Marijuana a gateway drug for nicotine?
Usually, smoking cigarettes is seen as a gateway to marijuana use, but new research published in the journal Neuropsychopharmacology found that exposure to marijuana can lead to an addiction to nicotine, at least in mice.
For the study, researchers exposed one group of mice to the chemical tetrahydrocannabinol (THC), which is the active in ingredient in marijuana, and another group of mice to a placebo. Then researchers attempted to teach both groups of mice to self-administer nicotine by giving the mice nicotine whenever they poked their nose through a specific hole in the cage. Not all of the mice successfully learned how to self-administer nicotine, so the ones that did learn the nicotine trigger were presumably more motivated to receive the fix and therefore more addicted to nicotine.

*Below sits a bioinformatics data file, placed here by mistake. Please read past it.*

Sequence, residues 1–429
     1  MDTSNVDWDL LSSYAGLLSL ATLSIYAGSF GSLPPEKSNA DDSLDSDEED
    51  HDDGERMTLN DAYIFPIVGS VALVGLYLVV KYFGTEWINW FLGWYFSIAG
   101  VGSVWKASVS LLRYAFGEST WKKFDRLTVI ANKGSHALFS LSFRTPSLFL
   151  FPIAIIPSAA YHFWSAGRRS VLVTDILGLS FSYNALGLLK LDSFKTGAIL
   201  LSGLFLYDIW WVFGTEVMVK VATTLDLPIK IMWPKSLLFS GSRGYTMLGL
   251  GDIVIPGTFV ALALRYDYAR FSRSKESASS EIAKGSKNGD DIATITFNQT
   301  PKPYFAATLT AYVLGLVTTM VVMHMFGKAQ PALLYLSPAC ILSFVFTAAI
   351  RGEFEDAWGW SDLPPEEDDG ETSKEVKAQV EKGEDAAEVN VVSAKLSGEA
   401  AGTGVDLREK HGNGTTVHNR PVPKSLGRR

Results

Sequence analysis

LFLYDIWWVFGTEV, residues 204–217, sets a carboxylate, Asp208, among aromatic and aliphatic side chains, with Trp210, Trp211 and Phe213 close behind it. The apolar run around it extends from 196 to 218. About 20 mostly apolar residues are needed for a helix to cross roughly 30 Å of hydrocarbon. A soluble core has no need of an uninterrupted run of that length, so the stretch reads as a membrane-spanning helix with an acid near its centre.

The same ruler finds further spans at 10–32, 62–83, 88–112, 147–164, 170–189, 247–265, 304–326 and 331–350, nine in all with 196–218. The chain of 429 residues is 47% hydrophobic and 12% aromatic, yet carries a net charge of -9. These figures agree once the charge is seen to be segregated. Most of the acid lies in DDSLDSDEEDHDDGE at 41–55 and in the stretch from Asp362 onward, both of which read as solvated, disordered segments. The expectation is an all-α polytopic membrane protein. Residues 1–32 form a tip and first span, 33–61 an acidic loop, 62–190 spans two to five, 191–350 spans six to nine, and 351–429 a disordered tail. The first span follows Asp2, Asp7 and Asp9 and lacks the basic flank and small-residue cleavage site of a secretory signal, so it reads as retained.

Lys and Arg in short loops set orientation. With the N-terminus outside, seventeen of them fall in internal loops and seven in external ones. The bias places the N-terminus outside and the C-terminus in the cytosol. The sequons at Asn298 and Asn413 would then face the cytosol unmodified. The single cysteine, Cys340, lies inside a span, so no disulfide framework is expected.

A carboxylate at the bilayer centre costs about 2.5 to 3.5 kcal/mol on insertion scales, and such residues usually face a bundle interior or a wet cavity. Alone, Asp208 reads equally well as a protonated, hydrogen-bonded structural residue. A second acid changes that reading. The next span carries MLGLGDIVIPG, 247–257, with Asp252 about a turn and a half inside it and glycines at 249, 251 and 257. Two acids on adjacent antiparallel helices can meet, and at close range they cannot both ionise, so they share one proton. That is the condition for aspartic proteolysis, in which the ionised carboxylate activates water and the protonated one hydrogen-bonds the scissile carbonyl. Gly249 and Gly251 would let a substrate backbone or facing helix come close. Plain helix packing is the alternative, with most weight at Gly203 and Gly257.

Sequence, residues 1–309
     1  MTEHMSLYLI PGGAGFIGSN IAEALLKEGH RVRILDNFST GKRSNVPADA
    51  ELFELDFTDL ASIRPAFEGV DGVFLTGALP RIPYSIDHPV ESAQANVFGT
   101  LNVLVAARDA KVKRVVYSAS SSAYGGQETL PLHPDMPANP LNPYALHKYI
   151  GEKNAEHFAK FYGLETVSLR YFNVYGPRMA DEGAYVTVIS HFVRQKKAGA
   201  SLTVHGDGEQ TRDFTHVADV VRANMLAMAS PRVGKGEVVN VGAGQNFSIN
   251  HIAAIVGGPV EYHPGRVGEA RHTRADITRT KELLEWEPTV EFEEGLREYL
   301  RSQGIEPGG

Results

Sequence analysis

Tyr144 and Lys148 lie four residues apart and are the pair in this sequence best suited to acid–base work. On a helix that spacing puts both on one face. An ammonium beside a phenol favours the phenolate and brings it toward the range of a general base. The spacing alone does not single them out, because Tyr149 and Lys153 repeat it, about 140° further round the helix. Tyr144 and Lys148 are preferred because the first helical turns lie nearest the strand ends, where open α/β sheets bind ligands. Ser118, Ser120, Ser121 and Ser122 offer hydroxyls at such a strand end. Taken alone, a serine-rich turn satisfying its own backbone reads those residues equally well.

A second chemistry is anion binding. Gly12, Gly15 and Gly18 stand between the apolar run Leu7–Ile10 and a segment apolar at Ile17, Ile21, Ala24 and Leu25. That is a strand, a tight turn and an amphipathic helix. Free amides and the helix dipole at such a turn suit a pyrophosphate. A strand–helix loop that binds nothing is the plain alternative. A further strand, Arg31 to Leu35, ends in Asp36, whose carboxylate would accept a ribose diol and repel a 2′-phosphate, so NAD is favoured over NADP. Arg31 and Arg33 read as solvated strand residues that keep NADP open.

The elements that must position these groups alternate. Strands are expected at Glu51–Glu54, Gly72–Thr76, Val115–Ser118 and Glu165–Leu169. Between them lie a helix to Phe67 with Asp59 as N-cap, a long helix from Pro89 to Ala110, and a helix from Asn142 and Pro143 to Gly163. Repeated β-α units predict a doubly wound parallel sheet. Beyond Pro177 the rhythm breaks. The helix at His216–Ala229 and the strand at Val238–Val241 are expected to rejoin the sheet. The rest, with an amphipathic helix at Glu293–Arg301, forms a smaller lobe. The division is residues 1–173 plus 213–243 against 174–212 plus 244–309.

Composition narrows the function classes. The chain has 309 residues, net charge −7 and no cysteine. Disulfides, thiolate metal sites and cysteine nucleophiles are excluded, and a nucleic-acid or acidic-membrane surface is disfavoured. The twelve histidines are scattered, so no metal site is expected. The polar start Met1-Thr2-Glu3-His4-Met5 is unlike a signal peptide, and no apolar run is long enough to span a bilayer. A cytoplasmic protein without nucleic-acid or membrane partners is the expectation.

The scientists found that 94 percent of the mice first exposed to THC learned how to self-administer nicotine compared to only 65 percent of the mice that were exposed to the placebo. And, the mice that were first exposed to THC performed on average 17 nose-pokes for a dose of nicotine compared to the placebo mice that performed only 11 nose-pokes.
More research is needed to see if THC has the same effect on humans, but the findings suggest that marijuana exposure can have a lasting impact on the brain that increases a person's risk of becoming addicted to nicotine.